Don't be Dysfunctional
All of my work with dogs and more specifically, canine resistance training, is rooted within the fundamental understanding that it is "relationship" centered/focused. You won't find parts of my programs that utilize tools as a means of manipulation, coercion, or force to enhance performance, including the leash usage, collar choices and motivation. Fortunately, there are many trainers out there that also share this same guiding philosophy through their work; this core belief that relationship is superior amongst other avenues or philosophies. Many owners struggle with this idea of what makes a good relationship however, because they simply do not know. It gets disguised as healthy but truly harbors qualities of deceit, manipulation, dominance, and fear. I stumbled across a model in my readings that speal to human team building but sparked the translation into human/dog relationships. In order to not be a dysfunctional team-- we need to know what constitutes a cohesive team.
In my work with clients, I notice a lack of implementation in building that relationship. Sometimes, as with our day to day human interactions and partnerships, the relationship can't thrive if it is one sided, lacking a solid foundation, or effort is half-hearted. I talk about this because I emphasize the role of the handler in the developmental stages of resistance training. (Yes, I actually focus on my students and their growth into that role). I believe it to be a core concept that deserves some recognition, and very few actually teach it as a separate entity. Learning how to be a primary motivation source, how to recognize the subtle signs your dog may present to you, and to be a strong advocate take some practice and is unique to each dog. Now, I don't know about you, but resistance training takes two individuals; two beings both sharing responsibility in the activity. You, as the owner, share just as much responsibility to the relationship between you and your dog, as your dog does. In fact, some may argue you actually hold a tad more. Now, I know this is a model designed for human collaborative teams, but the similarities are remarkable and noteworthy.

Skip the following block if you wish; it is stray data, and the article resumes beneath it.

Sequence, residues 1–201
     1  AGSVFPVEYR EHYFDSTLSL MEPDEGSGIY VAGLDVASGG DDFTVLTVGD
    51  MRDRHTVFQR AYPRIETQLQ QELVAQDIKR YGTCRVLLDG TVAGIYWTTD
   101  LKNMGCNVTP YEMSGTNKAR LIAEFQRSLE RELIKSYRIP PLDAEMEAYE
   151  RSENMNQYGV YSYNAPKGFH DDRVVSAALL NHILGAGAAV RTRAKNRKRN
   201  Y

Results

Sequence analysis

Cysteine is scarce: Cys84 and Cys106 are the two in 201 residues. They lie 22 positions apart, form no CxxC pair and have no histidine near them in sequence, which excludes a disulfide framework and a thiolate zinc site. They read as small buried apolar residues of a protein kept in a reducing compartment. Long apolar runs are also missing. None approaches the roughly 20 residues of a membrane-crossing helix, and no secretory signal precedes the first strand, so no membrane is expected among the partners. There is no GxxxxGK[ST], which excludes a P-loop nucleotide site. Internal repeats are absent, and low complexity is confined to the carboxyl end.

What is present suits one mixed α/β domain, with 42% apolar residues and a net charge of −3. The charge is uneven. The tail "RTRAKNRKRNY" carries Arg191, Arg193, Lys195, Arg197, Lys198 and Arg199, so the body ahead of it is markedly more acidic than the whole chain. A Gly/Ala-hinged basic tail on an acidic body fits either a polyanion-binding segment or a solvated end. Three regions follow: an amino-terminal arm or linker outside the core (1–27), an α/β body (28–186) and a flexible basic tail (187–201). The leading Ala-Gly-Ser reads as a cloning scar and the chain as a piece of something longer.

If you reflect on your own personal relationships with the other people in your life, you will notice that these five traits are recipe for effective collaboration and relationship. You may also notice that within those same human interactions, some areas need work---and it is eye opening to realize the weaker areas. There is also truth in this when it comes to the development of the handler/dog team in resistance training. If you lack or are purely deficient in the base of this triangle, then you can not succeed further up, and obtain the end goal; the results. Whether your results are competition based, or behavior modification--- you must spend time at each level, whatever length of time needed to ensure a healthy effective, cohesive team relationship between you and your dog.
Trust is the base layer, and honestly the most important in my opinion. If you do not have an established, healthy layer of trust--- it is evident that you should spend time here. Whether you and your dog are doing activities to enhance upon this, trust is the fundamental layer. The foundation of your "house", if you will. Without a solid foundation--the rest crumbles with any substantial amount of pressure. I preach the idea of advocacy for your dog during CRT sessions. No one knows your dog best, but you....and if you are not advocating properly or poorly--- your dog will feel this. Trust will be a hard obstacle to tackle, but is is critical. Having an established level of trust will prove beneficial in the coming levels of CRT training.
Conflict is an interesting topic because many owners assume that any type of conflict with their dog is to be avoided, and while no one enjoys disagreements....they are bound to happen. In fact, when we talk specifically about CRT, a lot of dogs enjoy conflict and this provides a healthy vent for those dogs. They enjoy the "grind" that the resistance provides. This is a healthy conflict---and necessary to allow for the health and well being of certain dogs. If you have not spent time building a solid layer of trust between you and your dog---then conflicts about leashes, resistance weights, normal day to day activities can falter and become detrimental. Having trust allows for minimal conflict, or if it does arise, it allows for healthy conflict.
Commitment is pretty self explanatory, but also worth touching upon. I assume that when starting resistance training with your dog, you are already committed to the well being of your furry companion. Developing trust and minimizing conflict or healthy conflict expression, you prove to be committed. A good team or relationship maintains that commitment.
Accountability is referring to you and YOUR DOG. If you have a healthy previous few layers that are routinely worked on and maintained, then you are able to hold yourself accountable for something that didn't go well with your CRT sessions, or training. On the flip side however, you can also plan to be able to hold your dog accountable because his or her ability to handle conflict is much healthier, and there is a thick layer of trust that has been laid.
If you can make it a priority to put effort into your role development as what I call the "cheerleader", you will undoubtedly hit all of these layers and master them. You may have read this and realize right away what needs worked on between you and your dog before you begin your CRT journey. Either way, let it be a guide or a framework so to speak--it will help you and your dog to yield amazing results.